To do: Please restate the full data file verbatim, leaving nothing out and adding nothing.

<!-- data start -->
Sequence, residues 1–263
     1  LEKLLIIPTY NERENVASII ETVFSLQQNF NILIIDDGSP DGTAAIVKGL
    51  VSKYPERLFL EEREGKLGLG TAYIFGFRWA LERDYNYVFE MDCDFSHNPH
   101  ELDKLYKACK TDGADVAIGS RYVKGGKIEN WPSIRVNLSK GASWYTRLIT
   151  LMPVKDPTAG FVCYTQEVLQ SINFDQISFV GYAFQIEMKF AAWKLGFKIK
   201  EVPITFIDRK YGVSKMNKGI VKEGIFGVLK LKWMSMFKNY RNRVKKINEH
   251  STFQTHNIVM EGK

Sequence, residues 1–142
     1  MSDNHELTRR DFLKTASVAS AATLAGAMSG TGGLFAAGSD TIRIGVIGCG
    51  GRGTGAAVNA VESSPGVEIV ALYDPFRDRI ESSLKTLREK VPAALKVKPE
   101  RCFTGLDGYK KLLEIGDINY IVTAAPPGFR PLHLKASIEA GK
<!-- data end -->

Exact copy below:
Sequence, residues 1–263
     1  LEKLLIIPTY NERENVASII ETVFSLQQNF NILIIDDGSP DGTAAIVKGL
    51  VSKYPERLFL EEREGKLGLG TAYIFGFRWA LERDYNYVFE MDCDFSHNPH
   101  ELDKLYKACK TDGADVAIGS RYVKGGKIEN WPSIRVNLSK GASWYTRLIT
   151  LMPVKDPTAG FVCYTQEVLQ SINFDQISFV GYAFQIEMKF AAWKLGFKIK
   201  EVPITFIDRK YGVSKMNKGI VKEGIFGVLK LKWMSMFKNY RNRVKKINEH
   251  STFQTHNIVM EGK

Sequence, residues 1–142
     1  MSDNHELTRR DFLKTASVAS AATLAGAMSG TGGLFAAGSD TIRIGVIGCG
    51  GRGTGAAVNA VESSPGVEIV ALYDPFRDRI ESSLKTLREK VPAALKVKPE
   101  RCFTGLDGYK KLLEIGDINY IVTAAPPGFR PLHLKASIEA GK